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Different Font File Types Explained (OTF, TTF, WOFF)

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Read Time: 8 min

The difference between font files can be very confusing to a beginner designer. In this article, we'll answer all your questions, such as "What is a TrueType font?, "What is an EOT font?", and more. 

To start off, we'll talk about the different font format types to learn how fonts are displayed on screens. To continue, it's important to have a basic understanding of the different font file types. Depending on the use, digital or printed, font files can vary. A font is a graphic representation of text that can contain information like point size, weight, width, and design. It's essential to know that a font family or a typeface is a collection of fonts. For instance, Arial is a typeface, and Arial Black is a font.

We'll also talk about the difference between OpenType and TrueType fonts, and when and where to use them. Font file extensions can be scary to look at, but after this article, you'll know which font files are best.

Emerland Serif FontEmerland Serif FontEmerland Serif Font
Emerland Serif Font

This beautiful vintage display font comes in TTF and OTF formats, as well as an optimized web version that can help you have your website load in just a few seconds. The font is suitable for display, labels, logos, and much more. If you need a source for thousands of typefaces in every font file extension, visit Envato Elements' huge font library.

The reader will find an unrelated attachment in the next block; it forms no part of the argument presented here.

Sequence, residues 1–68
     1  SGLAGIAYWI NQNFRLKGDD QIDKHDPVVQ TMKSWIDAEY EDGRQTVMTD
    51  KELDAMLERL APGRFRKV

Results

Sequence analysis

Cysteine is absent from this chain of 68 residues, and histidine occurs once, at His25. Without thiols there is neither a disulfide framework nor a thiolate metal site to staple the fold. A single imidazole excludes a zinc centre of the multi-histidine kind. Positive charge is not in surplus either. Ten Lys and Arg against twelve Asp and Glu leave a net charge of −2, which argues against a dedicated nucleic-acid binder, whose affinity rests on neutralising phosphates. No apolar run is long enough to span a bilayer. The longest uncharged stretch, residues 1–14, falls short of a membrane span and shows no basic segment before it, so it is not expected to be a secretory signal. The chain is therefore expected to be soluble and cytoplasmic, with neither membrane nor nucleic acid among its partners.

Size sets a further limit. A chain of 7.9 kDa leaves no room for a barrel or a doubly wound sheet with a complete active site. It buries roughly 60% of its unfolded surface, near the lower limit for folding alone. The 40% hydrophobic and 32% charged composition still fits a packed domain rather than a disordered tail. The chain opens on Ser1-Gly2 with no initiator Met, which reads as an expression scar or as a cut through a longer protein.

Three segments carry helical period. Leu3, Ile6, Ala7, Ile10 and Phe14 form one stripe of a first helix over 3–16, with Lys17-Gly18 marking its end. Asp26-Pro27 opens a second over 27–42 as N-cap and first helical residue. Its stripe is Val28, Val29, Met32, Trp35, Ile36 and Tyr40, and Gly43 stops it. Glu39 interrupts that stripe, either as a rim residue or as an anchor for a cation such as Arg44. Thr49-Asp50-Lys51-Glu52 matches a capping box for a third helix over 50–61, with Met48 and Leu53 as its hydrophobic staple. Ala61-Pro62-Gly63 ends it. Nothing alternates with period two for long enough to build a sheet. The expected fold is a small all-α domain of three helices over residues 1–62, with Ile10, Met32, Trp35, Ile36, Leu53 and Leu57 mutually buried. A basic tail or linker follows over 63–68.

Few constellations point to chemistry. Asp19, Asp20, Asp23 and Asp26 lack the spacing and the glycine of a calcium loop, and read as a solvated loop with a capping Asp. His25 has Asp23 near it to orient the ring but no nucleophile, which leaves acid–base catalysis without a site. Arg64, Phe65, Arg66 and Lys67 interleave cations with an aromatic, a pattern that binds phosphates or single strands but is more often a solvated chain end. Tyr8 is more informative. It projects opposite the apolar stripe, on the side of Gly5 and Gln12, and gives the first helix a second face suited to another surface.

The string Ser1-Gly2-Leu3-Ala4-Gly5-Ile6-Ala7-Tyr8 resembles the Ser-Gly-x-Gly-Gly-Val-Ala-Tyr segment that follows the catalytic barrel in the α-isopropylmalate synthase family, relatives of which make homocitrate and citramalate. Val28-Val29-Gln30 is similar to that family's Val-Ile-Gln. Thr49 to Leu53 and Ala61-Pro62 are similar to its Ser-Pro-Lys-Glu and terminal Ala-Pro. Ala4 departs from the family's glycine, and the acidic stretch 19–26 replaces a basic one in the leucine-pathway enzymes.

Font Format Types Explained

Computers and other digital devices can display fonts in a couple of different ways. These font format types are essential for designers to know: 

  • Bitmapped or raster fonts: each character is made out of pixels. While these fonts are faster for computers to display, they are not scalable. This means that a separate font is needed for each size and style. 
  • Vector fonts or scalable fonts: each character is made out of an outline, and this allows for the font to be scalable. This means that a single font file can be used for any point size. It only needs additional code to render the font to a desired size. 

Font File Types 

There are many font file types, and many are created for different operating systems and applications.

The most commonly used font file types are the OpenType and TrueType file formats. These can be used on both Windows and Mac computers.

It's is important to know what OTF and TTF mean to use the right file. Another font file type is PostScript fonts. These were developed by Adobe, but became tedious when different files were needed for PC and Mac.

The TrueType font file format wasn't efficient because a different font file was still needed for printing. Adobe and Microsoft joined forces and created the OpenType format that allowed for more information to be stored. The Web Open Format is efficient in loading websites with its super compressed file. And finally, SVG fonts are the latest font file type in the industry, allowing for transparencies and effects to be stored in the file.